If we can digitise every step of the vaccine distribution and administration processes, it becomes easier to make critical supply chain links. This, in turn, helps to improve coordination among stakeholders – many of whom may have never worked together before this effort. Eliminating data black holes with digital technologies also helps to increase efficiency, speed, and accountability. These include real-time track and trace technology; smart, handheld mobile computers and tablets; highly accurate barcode scanners; temperature-monitoring sensors, and next-generation analytics. Properly integrated, these can help every company and individual involved in the distribution and administration of COVID-19 vaccines confidently and accurately execute key actions.
Supply chain transparency is key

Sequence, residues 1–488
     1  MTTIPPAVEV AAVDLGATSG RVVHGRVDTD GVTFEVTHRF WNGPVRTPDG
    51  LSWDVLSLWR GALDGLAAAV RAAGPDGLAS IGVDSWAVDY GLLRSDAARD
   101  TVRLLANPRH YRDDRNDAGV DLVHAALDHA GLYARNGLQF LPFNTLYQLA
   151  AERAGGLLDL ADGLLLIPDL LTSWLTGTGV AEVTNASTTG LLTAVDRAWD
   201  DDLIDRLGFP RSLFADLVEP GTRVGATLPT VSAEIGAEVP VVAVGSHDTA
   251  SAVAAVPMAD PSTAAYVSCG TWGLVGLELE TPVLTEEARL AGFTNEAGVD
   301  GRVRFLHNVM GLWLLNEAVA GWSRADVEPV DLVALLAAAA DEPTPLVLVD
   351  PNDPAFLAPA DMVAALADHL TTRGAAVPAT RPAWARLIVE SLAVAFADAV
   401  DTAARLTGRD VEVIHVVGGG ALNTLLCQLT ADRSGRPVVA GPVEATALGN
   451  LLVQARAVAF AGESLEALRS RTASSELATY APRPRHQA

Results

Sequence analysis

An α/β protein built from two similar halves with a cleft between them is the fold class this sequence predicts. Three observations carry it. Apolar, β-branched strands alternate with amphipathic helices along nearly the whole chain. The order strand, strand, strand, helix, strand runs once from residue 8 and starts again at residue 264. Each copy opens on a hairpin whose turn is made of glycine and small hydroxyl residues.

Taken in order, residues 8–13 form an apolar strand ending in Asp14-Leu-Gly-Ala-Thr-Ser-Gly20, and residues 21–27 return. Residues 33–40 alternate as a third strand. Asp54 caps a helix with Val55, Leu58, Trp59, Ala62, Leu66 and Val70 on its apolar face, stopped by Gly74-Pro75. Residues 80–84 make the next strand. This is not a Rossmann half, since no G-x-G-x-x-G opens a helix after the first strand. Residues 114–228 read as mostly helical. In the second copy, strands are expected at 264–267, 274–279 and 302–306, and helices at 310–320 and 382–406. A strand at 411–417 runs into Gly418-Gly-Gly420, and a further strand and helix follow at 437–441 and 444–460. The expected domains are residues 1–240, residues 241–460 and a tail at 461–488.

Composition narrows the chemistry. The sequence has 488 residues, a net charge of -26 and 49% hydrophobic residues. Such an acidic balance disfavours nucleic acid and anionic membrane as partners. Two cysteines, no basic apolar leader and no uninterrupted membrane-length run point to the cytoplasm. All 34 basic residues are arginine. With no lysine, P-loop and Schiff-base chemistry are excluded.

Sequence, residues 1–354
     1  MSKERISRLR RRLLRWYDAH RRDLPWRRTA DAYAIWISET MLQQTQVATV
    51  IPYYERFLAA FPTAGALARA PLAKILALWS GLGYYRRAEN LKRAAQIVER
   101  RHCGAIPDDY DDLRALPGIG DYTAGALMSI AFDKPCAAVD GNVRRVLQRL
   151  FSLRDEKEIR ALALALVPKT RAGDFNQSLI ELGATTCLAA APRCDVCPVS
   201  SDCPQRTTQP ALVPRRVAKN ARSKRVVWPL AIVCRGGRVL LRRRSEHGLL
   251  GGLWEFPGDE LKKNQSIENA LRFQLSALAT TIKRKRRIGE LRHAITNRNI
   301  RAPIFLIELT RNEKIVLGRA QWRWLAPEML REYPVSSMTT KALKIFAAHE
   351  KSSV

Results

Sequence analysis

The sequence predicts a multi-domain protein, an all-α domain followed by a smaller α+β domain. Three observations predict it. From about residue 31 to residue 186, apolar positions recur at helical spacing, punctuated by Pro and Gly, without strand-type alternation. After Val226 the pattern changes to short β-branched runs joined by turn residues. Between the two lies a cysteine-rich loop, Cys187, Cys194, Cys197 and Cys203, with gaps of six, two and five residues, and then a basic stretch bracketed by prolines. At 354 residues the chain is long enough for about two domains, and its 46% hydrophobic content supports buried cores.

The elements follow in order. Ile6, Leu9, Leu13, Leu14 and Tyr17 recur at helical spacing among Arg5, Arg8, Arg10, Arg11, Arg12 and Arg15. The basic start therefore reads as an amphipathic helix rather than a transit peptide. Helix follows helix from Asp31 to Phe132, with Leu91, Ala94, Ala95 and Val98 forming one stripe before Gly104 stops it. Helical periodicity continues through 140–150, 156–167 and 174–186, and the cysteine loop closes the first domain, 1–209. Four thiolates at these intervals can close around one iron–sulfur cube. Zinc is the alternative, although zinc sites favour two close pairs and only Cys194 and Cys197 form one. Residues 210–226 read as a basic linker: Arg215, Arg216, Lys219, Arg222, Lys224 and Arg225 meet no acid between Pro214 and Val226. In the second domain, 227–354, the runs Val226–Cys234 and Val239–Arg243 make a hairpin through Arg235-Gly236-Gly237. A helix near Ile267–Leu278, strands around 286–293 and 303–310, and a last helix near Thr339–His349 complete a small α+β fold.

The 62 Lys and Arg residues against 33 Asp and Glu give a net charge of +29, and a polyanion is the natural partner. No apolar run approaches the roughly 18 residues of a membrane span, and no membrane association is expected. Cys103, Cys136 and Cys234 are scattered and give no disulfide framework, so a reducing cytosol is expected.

Every step in the vaccine distribution process – and each handoff between suppliers, distributors, logistics providers and administration site staff – increases the risk of vaccine damage, delay or even loss. But with the right internet of things (IoT) technology in place to maintain first-to-last-mile supply chain visibility, many of these issues can be mitigated.
For example, affixing wireless track and trace devices such as RFID tags and electronic data loggers to the pallets and packaging used to ship vaccines can enable both location and temperature data, respectively, to be collected and shared among those charged with logistics planning and reporting. Depending on the type of technology used, the data may be aggregated and distributed via the cloud in easy-to-understand graphs. In other instances, the data might be available for download onto mobile apps via Bluetooth enabled devices upon arrival at a destination. Either way, location technology is key to achieving:
- Fast confirmation of shipment status at every hand-off point.